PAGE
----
If they wanted to report on Asperger's, I'd be happy to have him interviewed. Making Asperger's part of autism officially does nothing to help with anything. My worry is that it will be used as one more red herring to hid the disaster happening right before our eyes. I can just imagine what we'll read when the next autism rate increase is announced:
"The autism numbers seem to be rising, but officials aren't sure if it represents a true increase or if it's merely the result of including those children with Asperger's Syndrome under the term autism spectrum disorder ."

Anne Dachel
Media

MB

As I commented a couple of days ago, ALL autism spectrum disorders need to be moved out of the DSM. ASDs need to recognized as multi-system, multi-factorial *medical* disorders.

Dadvocate

As all of us old timers can attest, the psychiatric profession has a long and sorry track record (and a lot to apologize for) in their quest to provide any meaningful care for kids or adults with autism. They really are pathetic. This move, criticised by both "Aspies" as well as parents and caregivers for individuals with autism subtypes that manifest from Asperger's with sharp differentiation, is really just another unfortunate link in their chain of irrelevance.

Harry H.

Our son is severly autistic. To include him in with the "aspies" is a profound insult. The psychiatrists need to have their heads examined.

AnaB

I prefer the separation. Though my son has moderate Autism, I don't like when people poo poo Aspergers and imply it is easy. It is not. Aspergers folks have more expected of them in terms of functioning in the world and some of those skills do not come naturally. Plus, they get less sympathy from the public on their kids behavioral issues. With that said, children with Classic Autism struggle with issues those with Aspergers will never face: an inability to talk, incontinence, more liklihood of institutionalization after their parents are gone, if not before then. Therefore, these are essential two related, though distinct conditions and should be diagnosed as such.

Of course I am concerned that NDers will see this as more of a license to speak for my child, who is nothing like them, than they already do....and the govt. will let them influence policy that affects my, but not them, on the presumption that they have "Autism" like my son. It is a disaster.

Libby

ASD doesn't belong in the DSM at all!!!

ObjectiveAutismDad

It's absolutely ludicrous. The treatment and needs of someone with Aspergers are completely different from those of someone with Autism. It's clearly just muddying the waters.

guri

"ounds like we need a new way to explain an increased autism rate. Wait, let's change the DSM to be more inclusive and then we spin...spin...spin!!!!!!!!!"

Is it not perfectly clear that that is indeed the case?

DJ

I guess I should not read and comment on this blog before my morning coffee! I read a different article last and completely misunderstood the propsoed changes. I do NOT agree with the proposed changes, and as my previous comment shows, I think they diagnosis needs even further separation.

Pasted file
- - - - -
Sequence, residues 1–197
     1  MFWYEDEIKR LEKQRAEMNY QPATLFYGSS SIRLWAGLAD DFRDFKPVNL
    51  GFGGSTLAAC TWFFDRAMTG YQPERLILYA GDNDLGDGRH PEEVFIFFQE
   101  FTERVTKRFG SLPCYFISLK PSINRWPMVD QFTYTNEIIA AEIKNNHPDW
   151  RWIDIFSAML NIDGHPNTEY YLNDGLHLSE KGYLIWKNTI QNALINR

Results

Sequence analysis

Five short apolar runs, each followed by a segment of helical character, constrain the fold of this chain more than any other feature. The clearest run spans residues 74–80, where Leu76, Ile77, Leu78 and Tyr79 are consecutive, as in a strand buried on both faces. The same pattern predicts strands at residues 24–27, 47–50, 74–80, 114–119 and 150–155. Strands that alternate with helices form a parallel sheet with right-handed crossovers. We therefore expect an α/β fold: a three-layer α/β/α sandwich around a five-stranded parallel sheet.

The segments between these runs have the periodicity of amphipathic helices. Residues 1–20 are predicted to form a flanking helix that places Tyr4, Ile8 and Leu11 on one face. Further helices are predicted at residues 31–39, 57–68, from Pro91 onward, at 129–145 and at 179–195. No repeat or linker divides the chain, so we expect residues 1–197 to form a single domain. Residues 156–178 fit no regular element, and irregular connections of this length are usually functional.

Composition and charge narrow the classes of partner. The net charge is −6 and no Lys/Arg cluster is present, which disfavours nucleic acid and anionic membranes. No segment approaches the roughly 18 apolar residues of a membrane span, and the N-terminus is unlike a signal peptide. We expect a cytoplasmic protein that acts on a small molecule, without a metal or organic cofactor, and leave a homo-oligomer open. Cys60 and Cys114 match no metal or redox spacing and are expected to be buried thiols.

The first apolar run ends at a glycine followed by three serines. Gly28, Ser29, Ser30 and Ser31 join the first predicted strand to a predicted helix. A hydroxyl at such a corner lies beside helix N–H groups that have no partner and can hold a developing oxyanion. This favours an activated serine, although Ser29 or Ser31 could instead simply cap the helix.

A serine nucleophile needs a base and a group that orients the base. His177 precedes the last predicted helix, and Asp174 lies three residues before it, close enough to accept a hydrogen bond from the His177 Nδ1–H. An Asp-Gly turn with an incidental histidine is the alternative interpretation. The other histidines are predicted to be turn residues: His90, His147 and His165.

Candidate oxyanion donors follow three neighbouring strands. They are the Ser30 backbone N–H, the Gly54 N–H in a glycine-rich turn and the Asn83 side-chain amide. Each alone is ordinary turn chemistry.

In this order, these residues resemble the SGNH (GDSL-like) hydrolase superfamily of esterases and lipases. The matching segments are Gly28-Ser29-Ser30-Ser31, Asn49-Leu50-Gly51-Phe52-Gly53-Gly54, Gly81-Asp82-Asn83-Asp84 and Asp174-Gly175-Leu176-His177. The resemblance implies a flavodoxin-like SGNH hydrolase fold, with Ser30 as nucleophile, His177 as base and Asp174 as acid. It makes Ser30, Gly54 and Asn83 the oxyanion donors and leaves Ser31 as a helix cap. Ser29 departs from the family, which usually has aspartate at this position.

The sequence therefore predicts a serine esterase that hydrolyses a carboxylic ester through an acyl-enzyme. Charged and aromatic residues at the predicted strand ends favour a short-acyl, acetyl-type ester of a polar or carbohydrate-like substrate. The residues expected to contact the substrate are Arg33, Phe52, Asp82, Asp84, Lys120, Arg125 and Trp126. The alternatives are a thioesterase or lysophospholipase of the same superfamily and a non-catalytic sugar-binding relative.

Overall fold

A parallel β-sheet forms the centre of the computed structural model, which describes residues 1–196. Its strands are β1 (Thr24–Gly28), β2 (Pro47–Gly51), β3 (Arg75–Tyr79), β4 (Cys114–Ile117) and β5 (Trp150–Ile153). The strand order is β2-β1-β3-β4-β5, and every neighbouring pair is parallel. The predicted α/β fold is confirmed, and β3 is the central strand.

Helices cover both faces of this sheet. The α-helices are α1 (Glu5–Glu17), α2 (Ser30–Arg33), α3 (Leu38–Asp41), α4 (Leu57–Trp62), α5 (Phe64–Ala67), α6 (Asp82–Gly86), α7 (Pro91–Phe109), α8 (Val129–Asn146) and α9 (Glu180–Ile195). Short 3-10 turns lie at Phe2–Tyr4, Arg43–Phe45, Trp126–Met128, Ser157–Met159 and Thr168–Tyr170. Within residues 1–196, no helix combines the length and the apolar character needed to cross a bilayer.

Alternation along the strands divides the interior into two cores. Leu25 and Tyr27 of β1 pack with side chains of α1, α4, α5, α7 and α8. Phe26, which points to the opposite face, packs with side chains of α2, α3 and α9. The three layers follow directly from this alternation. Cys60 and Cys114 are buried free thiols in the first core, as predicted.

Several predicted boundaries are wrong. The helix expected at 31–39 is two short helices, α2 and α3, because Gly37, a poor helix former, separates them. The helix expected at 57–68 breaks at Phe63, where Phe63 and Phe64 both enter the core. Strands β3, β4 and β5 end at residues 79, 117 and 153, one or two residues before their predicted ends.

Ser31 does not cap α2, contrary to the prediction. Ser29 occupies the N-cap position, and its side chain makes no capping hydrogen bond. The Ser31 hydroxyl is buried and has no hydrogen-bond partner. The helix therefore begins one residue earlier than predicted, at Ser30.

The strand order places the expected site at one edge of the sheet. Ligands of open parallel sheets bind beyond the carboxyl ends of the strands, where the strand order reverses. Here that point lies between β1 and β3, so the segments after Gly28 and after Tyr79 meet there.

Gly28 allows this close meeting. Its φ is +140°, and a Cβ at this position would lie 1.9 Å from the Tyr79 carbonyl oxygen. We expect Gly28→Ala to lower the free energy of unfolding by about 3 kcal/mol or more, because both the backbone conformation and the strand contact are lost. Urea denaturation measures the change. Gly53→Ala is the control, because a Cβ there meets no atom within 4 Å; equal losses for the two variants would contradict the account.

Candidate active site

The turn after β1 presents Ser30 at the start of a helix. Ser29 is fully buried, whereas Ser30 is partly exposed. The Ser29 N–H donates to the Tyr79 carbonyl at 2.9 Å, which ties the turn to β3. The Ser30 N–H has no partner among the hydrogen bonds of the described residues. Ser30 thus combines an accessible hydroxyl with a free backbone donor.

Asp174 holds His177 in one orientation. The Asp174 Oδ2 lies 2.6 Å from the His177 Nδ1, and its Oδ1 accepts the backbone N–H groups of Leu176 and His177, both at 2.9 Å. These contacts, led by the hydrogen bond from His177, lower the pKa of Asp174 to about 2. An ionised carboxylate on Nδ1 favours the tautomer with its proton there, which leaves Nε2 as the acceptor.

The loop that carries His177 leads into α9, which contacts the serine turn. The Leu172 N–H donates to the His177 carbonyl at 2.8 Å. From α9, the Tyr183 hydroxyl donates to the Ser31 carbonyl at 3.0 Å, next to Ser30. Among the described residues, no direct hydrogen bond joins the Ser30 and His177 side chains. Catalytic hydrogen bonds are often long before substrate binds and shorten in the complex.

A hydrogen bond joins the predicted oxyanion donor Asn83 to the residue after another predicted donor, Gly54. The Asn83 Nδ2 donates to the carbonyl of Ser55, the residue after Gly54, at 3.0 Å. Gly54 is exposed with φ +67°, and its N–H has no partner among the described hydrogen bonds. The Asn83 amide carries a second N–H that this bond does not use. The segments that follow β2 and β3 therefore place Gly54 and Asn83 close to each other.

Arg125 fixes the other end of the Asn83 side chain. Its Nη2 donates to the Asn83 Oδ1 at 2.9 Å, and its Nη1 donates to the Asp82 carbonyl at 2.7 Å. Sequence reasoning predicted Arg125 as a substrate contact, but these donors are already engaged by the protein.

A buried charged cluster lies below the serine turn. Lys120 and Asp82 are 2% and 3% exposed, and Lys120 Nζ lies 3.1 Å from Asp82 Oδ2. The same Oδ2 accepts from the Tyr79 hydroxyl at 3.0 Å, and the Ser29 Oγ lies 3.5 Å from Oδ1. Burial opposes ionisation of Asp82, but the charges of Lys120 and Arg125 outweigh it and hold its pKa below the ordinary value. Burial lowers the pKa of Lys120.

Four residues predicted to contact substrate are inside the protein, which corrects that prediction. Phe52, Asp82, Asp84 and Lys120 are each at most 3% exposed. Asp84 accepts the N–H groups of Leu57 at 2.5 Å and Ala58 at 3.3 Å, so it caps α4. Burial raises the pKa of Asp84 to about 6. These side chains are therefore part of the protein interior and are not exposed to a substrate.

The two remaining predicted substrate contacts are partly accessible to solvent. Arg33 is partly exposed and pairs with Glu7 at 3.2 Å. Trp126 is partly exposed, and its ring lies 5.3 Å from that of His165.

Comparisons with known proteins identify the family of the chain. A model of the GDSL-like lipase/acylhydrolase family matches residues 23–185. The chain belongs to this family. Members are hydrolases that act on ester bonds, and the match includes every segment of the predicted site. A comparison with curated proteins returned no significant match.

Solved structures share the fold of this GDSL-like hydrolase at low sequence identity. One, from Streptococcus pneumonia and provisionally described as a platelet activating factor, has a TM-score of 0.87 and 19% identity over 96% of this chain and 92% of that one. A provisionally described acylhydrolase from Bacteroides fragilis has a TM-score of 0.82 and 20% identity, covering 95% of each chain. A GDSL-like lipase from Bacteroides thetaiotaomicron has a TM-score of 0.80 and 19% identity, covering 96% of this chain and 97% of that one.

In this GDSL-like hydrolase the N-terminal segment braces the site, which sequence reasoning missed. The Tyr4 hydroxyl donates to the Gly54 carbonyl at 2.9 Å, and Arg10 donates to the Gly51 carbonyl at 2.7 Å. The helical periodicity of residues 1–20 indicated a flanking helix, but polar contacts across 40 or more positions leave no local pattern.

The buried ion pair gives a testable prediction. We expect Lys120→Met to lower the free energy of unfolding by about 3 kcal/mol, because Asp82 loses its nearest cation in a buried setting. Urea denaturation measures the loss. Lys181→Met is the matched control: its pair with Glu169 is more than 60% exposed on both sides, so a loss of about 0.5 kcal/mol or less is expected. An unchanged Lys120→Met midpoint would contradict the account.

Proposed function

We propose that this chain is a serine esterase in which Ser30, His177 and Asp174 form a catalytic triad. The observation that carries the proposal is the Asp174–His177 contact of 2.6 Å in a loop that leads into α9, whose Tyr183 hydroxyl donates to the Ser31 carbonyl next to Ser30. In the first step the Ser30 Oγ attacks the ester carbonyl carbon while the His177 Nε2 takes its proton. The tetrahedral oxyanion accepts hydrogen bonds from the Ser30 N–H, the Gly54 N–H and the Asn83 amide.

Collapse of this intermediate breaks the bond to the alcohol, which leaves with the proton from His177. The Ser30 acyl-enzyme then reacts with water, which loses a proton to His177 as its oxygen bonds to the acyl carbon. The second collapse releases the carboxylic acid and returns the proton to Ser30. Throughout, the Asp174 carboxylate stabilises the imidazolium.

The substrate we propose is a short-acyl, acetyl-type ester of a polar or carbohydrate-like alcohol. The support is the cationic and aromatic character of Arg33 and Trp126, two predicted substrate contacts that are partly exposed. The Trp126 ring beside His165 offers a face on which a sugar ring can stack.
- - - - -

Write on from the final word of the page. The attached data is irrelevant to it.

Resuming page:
Sorry for the confusing response!

Robin Nemeth

And I agree with Jules. It's time to stop classifying ASDs as mental disorders.

autismpop

Sounds like we need a new way to explain an increased autism rate. Wait, let's change the DSM to be more inclusive and then we spin...spin...spin!!!!!!!!!

DJ

I personally like the separation because I think it's important to track and report the rise in both Aspergers and more severe forms of autism. I think the media downplays the rise in severe cases, and I think we'd get more of the public's attention if they understood that the rise is across the entire spectrum.

I also think the separation could help better direct research efforts. It's very plausible that the causes may be link to the manifistation of the ASD disorder. In other words, will research eventually reveal one set of causes for Aspergers and another set for austims or PDD NOS? I've wondered if grouping all ASD cases together may be confusing or diluting the correlation results in some studies.

Lastly, I think the separation may help us better understand why certain treatments are effective in helping some ASD children and not others. I am defnitely not a one-size fits all proponent. For example, my child has severe autism and is benefiting greatly by ABA therapy. I have friends with Aspergers children who are fierce believers in Floortime. It's not that either one of us is wrong, but you have to fit the treatments to the symptoms.

I hope whatever the final decision, that we as an austism community support it and not allow it to divide us.

jules

MENTAL ILLNESS ??!! WTF ??!!
None of these are "mental" illnesses !!

Robin Nemeth

Perhaps they are thinking that this will further divide the autism community. Perhaps they are thinking that it will further muddy up the numbers. Perhaps they are thinking about all of the people who will jump on the "oh autism isn't a disability, it is just a bunch of children whose parents spoiled them!" bandwagon.

Mostly what I am thinking is 'why would I want to waste any time at all wondering about what these pshrinks are doing?'

Verify your Comment

Previewing your Comment

This is only a preview. Your comment has not yet been posted.

Working...
Your comment could not be posted. Error type:
Your comment has been saved. Comments are moderated and will not appear until approved by the author. Post another comment

The letters and numbers you entered did not match the image. Please try again.

As a final step before posting your comment, enter the letters and numbers you see in the image below. This prevents automated programs from posting comments.

Having trouble reading this image? View an alternate.

Working...

Post a comment

Comments are moderated, and will not appear until the author has approved them.

Your Information

(Name and email address are required. Email address will not be displayed with the comment.)